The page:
Houston-based Intuitive Machines’ Odysseus mission, which made history as the first privately-led space mission to land on the Moon on 22 February, has officially concluded. The spacecraft’s mission ended as the company reported receiving no message from the lander since it entered a power-saving standby mode during lunar night.

Odysseus successfully operated on the lunar surface for seven Earth days before transitioning into standby mode when the Sun set at its landing location. Although the mission duration matched its design specifications, engineers at Intuitive Machines hoped for the lander to reactivate upon exposure to sunlight during lunar daybreak.

Despite continuous efforts to re-establish communication, Intuitive Machines announced on Sunday that the spacecraft had remained silent permanently. The company stated, “Flight controllers decided their projections were correct, and Odie’s power system would not complete another call home. This confirms that Odie has permanently faded after cementing its legacy into history as the first commercial lunar lander to land on the Moon.”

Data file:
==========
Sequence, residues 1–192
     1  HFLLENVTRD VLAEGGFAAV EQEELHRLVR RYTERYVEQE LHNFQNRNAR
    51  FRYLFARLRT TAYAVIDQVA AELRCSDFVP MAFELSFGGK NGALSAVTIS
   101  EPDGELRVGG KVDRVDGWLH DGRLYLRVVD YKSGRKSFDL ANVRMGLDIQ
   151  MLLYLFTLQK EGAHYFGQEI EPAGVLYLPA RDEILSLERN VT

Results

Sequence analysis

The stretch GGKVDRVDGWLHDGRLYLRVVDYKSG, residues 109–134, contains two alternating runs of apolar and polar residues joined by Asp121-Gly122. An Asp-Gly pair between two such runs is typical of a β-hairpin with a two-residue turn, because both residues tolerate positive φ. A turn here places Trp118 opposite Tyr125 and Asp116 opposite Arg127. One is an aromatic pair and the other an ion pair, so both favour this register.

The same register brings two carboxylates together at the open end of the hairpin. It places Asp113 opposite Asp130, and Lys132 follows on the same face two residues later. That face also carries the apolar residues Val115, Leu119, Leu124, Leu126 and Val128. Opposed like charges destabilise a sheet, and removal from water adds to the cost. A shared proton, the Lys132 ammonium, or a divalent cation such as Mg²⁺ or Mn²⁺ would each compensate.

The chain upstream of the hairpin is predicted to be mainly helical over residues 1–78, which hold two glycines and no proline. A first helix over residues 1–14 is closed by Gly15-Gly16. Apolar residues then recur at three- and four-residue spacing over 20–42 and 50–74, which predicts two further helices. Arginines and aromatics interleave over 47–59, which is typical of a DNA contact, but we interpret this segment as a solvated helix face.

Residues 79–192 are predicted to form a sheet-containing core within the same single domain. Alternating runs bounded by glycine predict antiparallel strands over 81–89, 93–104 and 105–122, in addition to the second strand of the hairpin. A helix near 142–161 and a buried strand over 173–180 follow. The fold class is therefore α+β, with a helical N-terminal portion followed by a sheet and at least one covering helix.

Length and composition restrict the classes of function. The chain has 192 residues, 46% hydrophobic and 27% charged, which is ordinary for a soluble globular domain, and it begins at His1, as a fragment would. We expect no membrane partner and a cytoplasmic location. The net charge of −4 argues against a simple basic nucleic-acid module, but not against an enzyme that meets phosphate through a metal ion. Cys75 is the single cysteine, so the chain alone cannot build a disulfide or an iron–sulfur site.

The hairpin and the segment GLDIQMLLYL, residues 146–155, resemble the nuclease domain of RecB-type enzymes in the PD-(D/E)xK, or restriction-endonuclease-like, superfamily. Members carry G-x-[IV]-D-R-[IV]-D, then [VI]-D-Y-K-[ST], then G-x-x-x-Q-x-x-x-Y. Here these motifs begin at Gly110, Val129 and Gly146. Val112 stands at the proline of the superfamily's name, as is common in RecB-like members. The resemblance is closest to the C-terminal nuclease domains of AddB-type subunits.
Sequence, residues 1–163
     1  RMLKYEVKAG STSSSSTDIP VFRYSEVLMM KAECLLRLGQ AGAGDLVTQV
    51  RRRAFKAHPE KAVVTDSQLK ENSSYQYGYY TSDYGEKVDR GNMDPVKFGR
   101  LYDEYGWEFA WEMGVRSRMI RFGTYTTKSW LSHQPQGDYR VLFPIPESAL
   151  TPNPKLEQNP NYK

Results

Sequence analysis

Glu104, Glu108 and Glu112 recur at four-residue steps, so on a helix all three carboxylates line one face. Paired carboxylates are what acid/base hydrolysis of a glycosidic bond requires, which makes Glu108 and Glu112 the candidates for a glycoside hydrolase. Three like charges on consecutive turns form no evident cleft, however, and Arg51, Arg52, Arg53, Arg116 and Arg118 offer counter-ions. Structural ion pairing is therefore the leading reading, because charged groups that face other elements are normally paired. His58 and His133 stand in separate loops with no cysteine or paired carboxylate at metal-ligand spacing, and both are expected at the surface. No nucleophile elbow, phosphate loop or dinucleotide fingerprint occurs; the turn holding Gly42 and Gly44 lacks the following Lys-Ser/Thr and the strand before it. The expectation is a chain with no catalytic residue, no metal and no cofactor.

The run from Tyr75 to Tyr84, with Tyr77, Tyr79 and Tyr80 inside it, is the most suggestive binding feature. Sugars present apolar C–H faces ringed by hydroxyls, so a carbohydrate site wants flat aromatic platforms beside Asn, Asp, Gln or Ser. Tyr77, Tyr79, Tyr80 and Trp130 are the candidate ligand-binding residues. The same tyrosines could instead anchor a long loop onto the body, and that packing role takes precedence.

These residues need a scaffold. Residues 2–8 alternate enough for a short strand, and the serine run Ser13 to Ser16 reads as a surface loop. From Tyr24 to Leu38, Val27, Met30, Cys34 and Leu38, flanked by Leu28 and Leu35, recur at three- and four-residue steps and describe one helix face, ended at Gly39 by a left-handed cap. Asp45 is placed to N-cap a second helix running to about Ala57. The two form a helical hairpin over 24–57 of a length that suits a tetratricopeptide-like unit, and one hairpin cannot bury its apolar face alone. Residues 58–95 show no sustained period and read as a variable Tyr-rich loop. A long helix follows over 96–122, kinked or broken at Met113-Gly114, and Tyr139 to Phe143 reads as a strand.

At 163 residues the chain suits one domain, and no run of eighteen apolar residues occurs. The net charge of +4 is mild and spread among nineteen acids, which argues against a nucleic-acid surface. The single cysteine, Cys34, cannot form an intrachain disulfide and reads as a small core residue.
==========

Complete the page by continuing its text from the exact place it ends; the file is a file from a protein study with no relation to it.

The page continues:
The Odysseus mission was part of NASA’s Commercial Lunar Payload Services (CLPS) initiative, aimed at collaborating with private companies to deliver equipment and technology to the Moon. Unlike the past Apollo missions, which marked humanity’s initial lunar exploration, NASA’s upcoming Artemis program intends to establish a sustainable presence on Earth’s satellite.

Initiatives like CLPS and the US Department of Defense’s Luna10 plan envision the development of a “lunar economy” utilising the Moon’s resources and unique location. This strategy could transform the Moon into a strategic staging point for missions to distant parts of the solar system, offering opportunities for scientific exploration and economic development beyond Earth’s orbit.